The Daily Telegraph
What’s wrong with dropping your accent to get on in life?
Thank God for the left frontal lobe. Researchers from UCL and Yale have found that when we talk with people from a different socioeconomic background, there’s an increased flow of oxygenated blood to the dorsolateral prefrontal cortex, the part of the brain that deals with speech and language.
In other words, we’re being prompted by our own brains to talk posh or go down a gear in terms of accent to fit in with the people around us. Well, good for the left lobe, is what I say; it’s helped me get on.
Usually, people who change their accents get short shrift; modulating your diction seems somehow insincere – a form of class betrayal every time you open your mouth. The posh boy who talks Estuary – and, yes, I am thinking of Prince Harry here – seems to be pretending to be less privileged than he is.
People who try to ditch their regional accents and turns of phrase when they’re in the company of the privately educated are even more tragic. In both cases, all it takes is a friend from school who knows how you sounded when you were eight to cut you down to size.
Recently, there was a BBC Radio 4 programme about the plight of black Britons who felt obliged to change their speech patterns and accents to fit in to white society; linguistic racism was the gist of it. But there must have been umpteen listeners who traded up their accent to fit in who could have told them it’s the same for everyone.
I am with the offenders here. When I finished my education in Ireland at 17 and came to England to do A-levels, I was acutely aware that an Irish accent would make me stand out. I wanted to fit in, so I made it my business to channel George Bernard Shaw’s Pygmalion and actually practised
Received Pronunciation on a tape recorder.
It started off as way of deflecting bullying; it ended up with me changing my diction midway across the Irish Sea. I’ve now got a more or less English accent, I think, but when I am back where I came from, I revert to something like my old way of talking.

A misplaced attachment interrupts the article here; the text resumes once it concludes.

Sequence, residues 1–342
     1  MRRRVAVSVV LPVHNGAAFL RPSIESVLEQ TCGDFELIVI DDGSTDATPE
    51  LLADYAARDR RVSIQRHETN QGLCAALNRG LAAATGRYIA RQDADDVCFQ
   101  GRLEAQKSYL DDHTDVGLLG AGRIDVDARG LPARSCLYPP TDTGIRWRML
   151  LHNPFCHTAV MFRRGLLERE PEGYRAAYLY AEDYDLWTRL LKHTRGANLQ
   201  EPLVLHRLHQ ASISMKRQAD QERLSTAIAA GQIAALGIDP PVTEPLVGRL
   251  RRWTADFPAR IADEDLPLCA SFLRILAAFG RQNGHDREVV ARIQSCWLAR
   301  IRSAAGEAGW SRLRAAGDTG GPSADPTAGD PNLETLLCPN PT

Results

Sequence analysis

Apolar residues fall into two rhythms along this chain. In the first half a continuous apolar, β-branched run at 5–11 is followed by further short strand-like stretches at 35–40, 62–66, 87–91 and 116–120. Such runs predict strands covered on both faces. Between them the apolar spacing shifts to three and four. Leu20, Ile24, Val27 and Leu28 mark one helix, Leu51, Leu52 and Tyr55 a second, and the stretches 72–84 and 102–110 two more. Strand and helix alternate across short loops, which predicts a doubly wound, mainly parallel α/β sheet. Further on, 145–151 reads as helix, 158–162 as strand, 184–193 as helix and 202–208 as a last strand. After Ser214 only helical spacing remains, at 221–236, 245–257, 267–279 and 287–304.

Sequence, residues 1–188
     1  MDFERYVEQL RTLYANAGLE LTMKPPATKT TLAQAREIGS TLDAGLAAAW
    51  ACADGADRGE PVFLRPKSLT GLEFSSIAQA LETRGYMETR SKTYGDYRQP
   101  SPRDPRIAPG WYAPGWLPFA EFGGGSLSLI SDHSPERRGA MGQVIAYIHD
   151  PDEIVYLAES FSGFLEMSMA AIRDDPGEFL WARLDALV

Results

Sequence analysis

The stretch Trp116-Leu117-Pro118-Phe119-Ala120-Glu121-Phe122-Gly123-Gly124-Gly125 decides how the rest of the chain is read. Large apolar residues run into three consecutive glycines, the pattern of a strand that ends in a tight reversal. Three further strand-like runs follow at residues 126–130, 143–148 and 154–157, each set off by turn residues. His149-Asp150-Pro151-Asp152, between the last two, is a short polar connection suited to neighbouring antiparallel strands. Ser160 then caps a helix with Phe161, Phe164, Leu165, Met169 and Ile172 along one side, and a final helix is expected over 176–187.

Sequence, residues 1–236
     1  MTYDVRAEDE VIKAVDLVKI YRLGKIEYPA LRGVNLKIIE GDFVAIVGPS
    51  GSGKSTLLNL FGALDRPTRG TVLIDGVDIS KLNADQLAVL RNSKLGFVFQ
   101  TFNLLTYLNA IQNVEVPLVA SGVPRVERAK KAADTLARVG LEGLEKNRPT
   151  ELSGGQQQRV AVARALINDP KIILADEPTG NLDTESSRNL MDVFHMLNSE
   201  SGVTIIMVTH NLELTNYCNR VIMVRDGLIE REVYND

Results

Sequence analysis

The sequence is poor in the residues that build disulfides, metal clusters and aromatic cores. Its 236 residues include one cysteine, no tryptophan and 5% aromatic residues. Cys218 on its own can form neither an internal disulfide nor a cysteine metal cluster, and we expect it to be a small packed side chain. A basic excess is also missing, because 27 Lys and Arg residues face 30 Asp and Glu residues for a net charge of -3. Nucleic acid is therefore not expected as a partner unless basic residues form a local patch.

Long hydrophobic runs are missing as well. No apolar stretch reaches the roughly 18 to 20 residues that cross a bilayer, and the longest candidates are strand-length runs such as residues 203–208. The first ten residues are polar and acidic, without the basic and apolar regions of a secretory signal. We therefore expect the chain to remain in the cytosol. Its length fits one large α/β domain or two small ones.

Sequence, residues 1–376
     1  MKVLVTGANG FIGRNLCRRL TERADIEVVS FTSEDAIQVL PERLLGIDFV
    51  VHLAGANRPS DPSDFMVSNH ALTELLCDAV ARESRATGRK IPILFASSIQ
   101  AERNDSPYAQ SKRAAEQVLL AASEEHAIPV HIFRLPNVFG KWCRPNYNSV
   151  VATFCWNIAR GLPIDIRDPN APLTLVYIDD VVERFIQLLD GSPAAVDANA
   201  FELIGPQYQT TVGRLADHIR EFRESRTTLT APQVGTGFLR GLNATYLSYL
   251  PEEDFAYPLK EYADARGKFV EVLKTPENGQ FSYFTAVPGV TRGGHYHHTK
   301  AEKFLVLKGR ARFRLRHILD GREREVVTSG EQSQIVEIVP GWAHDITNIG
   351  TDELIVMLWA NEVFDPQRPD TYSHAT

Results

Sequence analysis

Nowadays, a regional accent is an asset; the BBC is awash with people who don’t speak BBC English. Received Pronunciation – the term is now redundant – says white privilege. In fact, Etonians like Prince Harry who flatten their vowels are probably trying hard not to get beaten up; it’s the self preservation instinct kicking in from the left frontal lobe. He doesn’t have to try the same thing in California; he’s probably surrounded by people telling him his accent is cute. Even the Queen sounds different compared with when she was young; she wouldn’t get away now with the vowels she had then. And, obviously, what you say matters, as well as how you say it.
Changing your diction to match your aspirations is a useful means of social mobility. The broadcaster Joan Bakewell wanted to get on at university and later at the BBC; she dropped her Stockport accent and never looked back.
How our instinct for conformity through speech became embedded in our left frontal lobes doesn’t really matter. It bears out the truth of Shaw’s dictum: “It is impossible for an Englishman to open his mouth without making some other Englishman despise him.”
One way round that problem is to change the way you talk. And right now you’re more likely to talk like a social influencer than George Bernard Shaw. read more at telegraph.co.uk/opinion